Java Interop


Kotlin has default arguments that dramatically reduce the needs in overloads, but Java clients can not benefit from this feature directly.
In M12 we have added an annotation jvmOverloads that tells the compiler to generate N+1 overloads for a Kotlin function that has N default parameters.
For example,

jvmOverloads fun f(a: String, b: Int = 0, c: String = "abc") {

will generate

// Java
void f(String a, int b, String c)
void f(String a, int b)
void f(String a)

Source Maps for Better Debugging (JSR-45)

We can now step through bodies of inlined function, thanks to source mapping tables emitted by the compiler into generated class files.

Some technical notes: every class file has line numbers assigned to instructions. For inlined function bodies we assign line numbers beyond the actual end of file (e.g. if the file has 50 lines, inlined code has line numbers starting with 51), and these “virtual” numbers are mapped to actual sources of the inlined code that possibly reside in other files. The standard JVM debugger understands the source mappings and can step through the appropriate files and lines. The only caveat is that exception stack traces may sometimes contain line numbers beyond the end of file. We are looking for a solution to this problem.

Java Annotations: Argument Ordering

In Java, annotations are interfaces and their parameters are methods of those interfaces. Thus, the ordering of the parameters is insignificant, and the call site can not rely on it. This is why Java requires that all arguments but one (named value) are passed as named.

While annotations declared in Kotlin have proper constructors that admit positioned parameters and even varargs, we can not rely on Java annotations in this respect, so from now on the following applies to Java annotations:

  • only the parameter named value can be passed without a name,
  • only the parameter named value can be a vararg (and automatically becomes one, if it is an array in Java),
  • all other parameters can not be passed as positional.


JavaScript back-end is catching up with the JVM one. M12 adds support for

  • Inlining works between modules
  • Reified parameters
  • Function expressions
  • Secondary constructors


kapt: Annotation Processing (JSR-269)

As mentioned earlier in this post, M12 adds initial support for Annotation Processing, so that frameworks like Dagger 2 work with Kotlin now. The main limitation of the current implementation is that Kotlin code can not refer to any declarations generated by the annotation processors (so, for Dagger you need to write at least one small class in Java).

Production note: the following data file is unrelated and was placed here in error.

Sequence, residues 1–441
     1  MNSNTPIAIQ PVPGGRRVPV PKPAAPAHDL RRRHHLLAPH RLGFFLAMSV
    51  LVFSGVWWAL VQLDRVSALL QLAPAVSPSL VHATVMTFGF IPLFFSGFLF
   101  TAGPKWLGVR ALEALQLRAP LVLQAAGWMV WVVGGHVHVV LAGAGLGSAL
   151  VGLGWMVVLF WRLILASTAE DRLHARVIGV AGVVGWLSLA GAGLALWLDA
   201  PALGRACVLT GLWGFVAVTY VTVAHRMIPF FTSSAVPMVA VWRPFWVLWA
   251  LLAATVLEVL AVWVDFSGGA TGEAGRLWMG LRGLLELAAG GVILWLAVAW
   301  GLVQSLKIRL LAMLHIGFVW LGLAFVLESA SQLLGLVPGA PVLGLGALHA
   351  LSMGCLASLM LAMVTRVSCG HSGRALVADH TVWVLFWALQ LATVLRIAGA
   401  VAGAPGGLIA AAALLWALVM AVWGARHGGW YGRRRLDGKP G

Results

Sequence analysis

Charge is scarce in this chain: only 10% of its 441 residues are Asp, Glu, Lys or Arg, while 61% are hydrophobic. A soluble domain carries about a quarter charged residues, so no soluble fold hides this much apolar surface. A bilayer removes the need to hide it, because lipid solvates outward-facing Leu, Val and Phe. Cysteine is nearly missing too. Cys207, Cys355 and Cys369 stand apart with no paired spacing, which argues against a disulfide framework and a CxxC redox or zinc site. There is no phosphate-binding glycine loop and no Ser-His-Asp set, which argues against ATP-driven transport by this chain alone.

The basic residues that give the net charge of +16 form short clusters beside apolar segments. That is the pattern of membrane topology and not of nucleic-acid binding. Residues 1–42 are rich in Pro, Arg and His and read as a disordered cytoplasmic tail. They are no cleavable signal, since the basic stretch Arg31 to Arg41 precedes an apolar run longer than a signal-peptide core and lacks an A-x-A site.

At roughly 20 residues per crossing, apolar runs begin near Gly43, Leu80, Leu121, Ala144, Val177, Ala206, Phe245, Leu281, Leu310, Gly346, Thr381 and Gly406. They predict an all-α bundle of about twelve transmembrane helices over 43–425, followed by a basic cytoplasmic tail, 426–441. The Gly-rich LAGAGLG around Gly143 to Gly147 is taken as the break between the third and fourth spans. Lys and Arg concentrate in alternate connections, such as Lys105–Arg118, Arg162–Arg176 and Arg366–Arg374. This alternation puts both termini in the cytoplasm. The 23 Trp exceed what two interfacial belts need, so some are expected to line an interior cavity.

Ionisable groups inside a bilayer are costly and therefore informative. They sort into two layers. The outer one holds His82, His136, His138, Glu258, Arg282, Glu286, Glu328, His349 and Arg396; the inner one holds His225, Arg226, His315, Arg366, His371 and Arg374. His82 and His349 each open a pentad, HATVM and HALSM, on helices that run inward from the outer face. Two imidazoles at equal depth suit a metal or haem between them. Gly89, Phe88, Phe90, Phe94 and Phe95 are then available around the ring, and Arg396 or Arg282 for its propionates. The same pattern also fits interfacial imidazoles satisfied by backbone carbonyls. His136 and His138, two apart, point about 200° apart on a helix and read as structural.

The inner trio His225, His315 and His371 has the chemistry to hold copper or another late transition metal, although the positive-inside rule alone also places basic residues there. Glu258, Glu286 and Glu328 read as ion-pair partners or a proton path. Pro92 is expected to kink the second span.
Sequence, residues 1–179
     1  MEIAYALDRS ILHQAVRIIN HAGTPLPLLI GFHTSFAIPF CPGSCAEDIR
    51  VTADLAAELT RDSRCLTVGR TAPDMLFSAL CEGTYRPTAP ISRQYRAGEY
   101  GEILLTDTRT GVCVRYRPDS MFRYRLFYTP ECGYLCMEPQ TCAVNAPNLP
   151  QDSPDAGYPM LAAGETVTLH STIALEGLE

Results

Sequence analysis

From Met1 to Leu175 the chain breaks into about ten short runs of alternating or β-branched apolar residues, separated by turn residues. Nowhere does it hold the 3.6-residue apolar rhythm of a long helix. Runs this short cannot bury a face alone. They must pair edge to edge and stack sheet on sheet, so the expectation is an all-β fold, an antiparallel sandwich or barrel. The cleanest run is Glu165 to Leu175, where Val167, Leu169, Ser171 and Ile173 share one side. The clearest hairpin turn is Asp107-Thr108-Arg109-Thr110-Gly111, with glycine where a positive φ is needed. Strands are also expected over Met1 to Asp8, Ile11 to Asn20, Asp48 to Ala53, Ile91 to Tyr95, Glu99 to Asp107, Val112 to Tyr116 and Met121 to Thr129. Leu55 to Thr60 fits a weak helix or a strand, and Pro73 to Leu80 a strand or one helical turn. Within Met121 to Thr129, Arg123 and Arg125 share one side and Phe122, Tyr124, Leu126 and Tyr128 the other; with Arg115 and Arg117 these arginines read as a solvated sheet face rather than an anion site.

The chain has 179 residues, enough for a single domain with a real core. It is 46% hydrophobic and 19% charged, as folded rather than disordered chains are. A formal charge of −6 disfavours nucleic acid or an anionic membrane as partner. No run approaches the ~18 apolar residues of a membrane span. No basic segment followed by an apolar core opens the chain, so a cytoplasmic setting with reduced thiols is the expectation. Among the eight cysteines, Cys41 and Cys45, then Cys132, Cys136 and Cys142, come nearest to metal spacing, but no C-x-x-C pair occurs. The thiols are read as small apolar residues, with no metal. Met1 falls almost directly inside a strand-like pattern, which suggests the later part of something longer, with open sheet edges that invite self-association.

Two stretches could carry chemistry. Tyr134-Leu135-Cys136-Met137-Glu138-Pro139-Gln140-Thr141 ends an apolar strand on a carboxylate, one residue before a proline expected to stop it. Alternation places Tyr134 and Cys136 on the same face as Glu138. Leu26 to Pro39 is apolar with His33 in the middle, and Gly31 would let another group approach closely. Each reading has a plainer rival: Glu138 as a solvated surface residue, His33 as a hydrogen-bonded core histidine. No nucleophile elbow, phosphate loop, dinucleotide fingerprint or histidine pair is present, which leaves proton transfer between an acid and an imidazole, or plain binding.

We are going to fix this limitation in the future by generating stubs for classes emitted by the Kotlin compiler. Details in the aforementioned post.

Gradle: JUnit Support for Android

Kotlin Gradle plugin for Android now supports JUnit tests. All we need to do is follow the standard procedure for Java, but now we can write our tests in Kotlin.

Quasar Support

Some of the recent changes in Kotlin enabled a great addition to our ecosystem: now Quasar provides fibers (lightweight threads), Go-like channels, Erlang-like actors, and other asynchronous tools for Kotlin! See the announcement here.

Standard APIs Changed

M12 adds new functionality to the standard library:

  • new utilities in package
  • new text utilities
  • regular expressions API unified across JVM and JS
  • new collection utilities
  • MIN_VALUE and MAX_VALUE available for all numeric types for both JVM and JS

As we are working on the Kotlin standard library, some things get changed and/or deprecated. Use quick fixes and the “Cleanup Code…” action to migrate your code. (Please make sure that you have attached the sources of the standard library to your project.)

The full list of changes is available here.

IntelliJ IDEA Plugin

Kotlin IDE now supports the standard Introduce Parameter refactoring that turns an expression selected inside a function into a parameter:

Additionally, Introduce Lambda Parameter is available to extract a piece of code as a function value:

Rename has an option to rename related declarations (variables, subclasses etc) as well:

As we are adding a lot of deprecations lately, the IDE now supports ReplaceWith quick-fix: there’s an (optional) extra parameter to the deprecated annotation, where we can specify an expression to replace a deprecated call:

There is an intention action to add ReplaceWith to user’s deprecated declarations.

Some more changes:

  • New Debugger Features
    • Evaluate expression for local functions
    • Field Watch Points (only for properties with backing field)
  • Change Package Intention
  • Highlighting exit points of functions
  • Gutter Marks for recursive calls
  • Unused receiver parameter inspection
  • Code style settings for imports (e.g. we can now always import specified packages with ‘*’)
  • Java2Kotlin Converter now offers to update usages in other files
  • Typing ‘!’ when completion list is open inserts negated call (e.g. !foo.isEmpty())
  • Intention actions to change visibility modifiers
  • Intention actions have much better scope of availability now
  • Quick-fix to add parameters from the base class when the superclass’ constructor has parameters

Things That Haven’t Made It (Yet)

We are still working on some of the changes we announced earlier, such as More Null-safety for Java. Will roll them out as soon as they are ready.

More Announcements Coming

There will be some more M12-related material published in the nearest future. Stay tuned!